Is there a book on liturgical music you’d like to recommend to other readers of Call to Worship? Submit a review. Be sure to include bibliographic information and a brief description of the book, indicating what you appreciated about it and why others might find it helpful.
Kathleen Harmon’s The Mystery We Celebrate, the Song We Sing: A Theology of Liturgical Music (Liturgical Press, 2008)
by David Gambrell
Harmon’s work is based on Joyce Ann Zimmerman’s proposal that liturgy is a ritual enactment of the dialectic tension of the paschal mystery — that is, the tension between the soteriological “not yet” and the eschatological “already” of our redemption in Christ. In other words, in the life, death and resurrection of Christ, we can see that God&rsquoi;s new creation has already begun; yet it is abundantly clear (think of the recent earthquake in China or the cyclone in Myanmar) that the salvation of the world is, as of yet, incomplete. The “ritual enactment” that Harmon describes is a way of remembering (anamnesis) and entering into the “originary” events of the faith (the Exodus, e.g., or the Christ event) that reveal to us who we are and how we are called to live. Continue reading.
Visit these websites to learn more about music in Christian worship.
Jeremy S. Begbie, Theology, Music and Time (Cambridge University Press, 2000)
John Bell, The Singing Thing: A Case for Congregational Song (GIA, 2000)
Albert L. Blackwell, The Sacred in Music (Westminster John Knox, 1999)
F. Forrester Church and Terrence J. Mulry, The MacMillan Book of Earliest Christian Hymns (MacMillan Publishing Company, 1988)
Melva Wilson Costen, In Spirit and in Truth: The Music of African American Worship (Westminster John Knox, 2004)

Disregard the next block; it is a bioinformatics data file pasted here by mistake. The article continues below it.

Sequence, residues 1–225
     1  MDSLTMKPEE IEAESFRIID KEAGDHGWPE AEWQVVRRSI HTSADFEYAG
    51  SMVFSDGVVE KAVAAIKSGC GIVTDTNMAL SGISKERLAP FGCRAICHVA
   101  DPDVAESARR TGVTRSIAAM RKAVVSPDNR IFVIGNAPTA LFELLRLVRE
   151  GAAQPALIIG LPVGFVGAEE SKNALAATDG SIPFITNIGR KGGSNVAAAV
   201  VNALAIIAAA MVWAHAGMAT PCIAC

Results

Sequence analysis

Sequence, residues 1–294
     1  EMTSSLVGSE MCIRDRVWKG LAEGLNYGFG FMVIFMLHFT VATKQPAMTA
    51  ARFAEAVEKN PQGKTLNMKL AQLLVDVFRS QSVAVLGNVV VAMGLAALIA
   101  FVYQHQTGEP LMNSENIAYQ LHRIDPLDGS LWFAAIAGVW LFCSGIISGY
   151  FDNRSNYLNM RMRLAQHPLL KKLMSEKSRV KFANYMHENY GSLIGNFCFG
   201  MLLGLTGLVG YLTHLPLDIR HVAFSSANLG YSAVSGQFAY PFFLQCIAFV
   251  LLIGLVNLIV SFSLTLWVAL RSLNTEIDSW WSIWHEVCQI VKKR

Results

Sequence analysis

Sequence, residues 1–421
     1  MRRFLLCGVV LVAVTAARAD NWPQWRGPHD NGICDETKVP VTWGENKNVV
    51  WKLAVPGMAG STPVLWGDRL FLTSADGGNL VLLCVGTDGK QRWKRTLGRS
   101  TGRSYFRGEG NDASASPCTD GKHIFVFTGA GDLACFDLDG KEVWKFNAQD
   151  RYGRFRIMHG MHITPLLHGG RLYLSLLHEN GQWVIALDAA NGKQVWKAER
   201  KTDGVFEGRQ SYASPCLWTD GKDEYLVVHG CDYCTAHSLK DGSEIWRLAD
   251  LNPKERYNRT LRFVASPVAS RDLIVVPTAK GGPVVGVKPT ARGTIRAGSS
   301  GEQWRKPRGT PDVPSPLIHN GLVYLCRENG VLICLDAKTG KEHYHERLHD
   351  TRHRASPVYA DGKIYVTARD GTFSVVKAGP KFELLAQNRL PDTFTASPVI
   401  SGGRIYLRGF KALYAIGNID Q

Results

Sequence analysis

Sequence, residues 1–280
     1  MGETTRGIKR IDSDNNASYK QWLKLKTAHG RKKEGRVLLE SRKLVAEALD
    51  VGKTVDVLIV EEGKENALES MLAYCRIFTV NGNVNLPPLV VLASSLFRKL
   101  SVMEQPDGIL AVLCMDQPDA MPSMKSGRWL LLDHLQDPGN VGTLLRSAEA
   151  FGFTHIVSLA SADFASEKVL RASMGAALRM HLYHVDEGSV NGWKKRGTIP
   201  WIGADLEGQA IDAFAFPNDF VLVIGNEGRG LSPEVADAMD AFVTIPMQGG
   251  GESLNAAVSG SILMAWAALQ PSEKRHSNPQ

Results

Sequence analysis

Lucien Deiss, Visions of Liturgy and Music for a New Century (The Liturgical Press, 1996)
Harry Eskew and Hugh T. McElrath, Sing with Understanding: An Introduction to Christian Hymnology (Church Street, 1995)
Robert Buckley Farlee, ed. Leading the Church’s Song (Fortress, 1998)
Marilyn L. Haskell, ed. What Would Jesus Sing? Experimentation and Tradition in Church Music (Church Publishing, 2007)
C. Michael Hawn, Gather into One: Praying and Singing Globall (Eerdmans, 2003)
Robin A. Leaver and James H. Litton, eds. Duty and Delight: Routley Remembered (Hope, 1985)
Robin A. Leaver and Joyce Ann Zimmerman, eds. Liturgy and Music: Lifetime Learning (The Liturgical Press, 1998)
Mary E. McGann, Exploring Music as Worship and Theology: Research in Liturgical Practice (The Liturgical Press, 2002)
James McKinnon, Music in Early Christian Literature (Cambridge University Press, 1987)
Robert H. Mitchell, I Don’t Like that Music (Hope, 1993)
Alice Parker, Melodious Accord: Good Singing in Church (Liturgy Training Publications, 1991)
Erik Routley, Church Music and the Christian Faith (Agape, 1978)
Günther Stiller, Johann Sebastian Bach and Liturgical Life in Leipzig (Concordia, 1984)
Leanne Van Dyk, ed. A More Profound Alleluia: Theology and Worship in Harmony (Eerdmans, 2005)
Paul Westermeyer, Te Deum: The Church and Music (Fortress, 1998)
Andrew Wilson-Dickson, The Story of Christian Music (Fortress, 1996)
Brian Wren, Praying Twice: The Words and Music of Congregational Song (Westminster John Knox, 2000)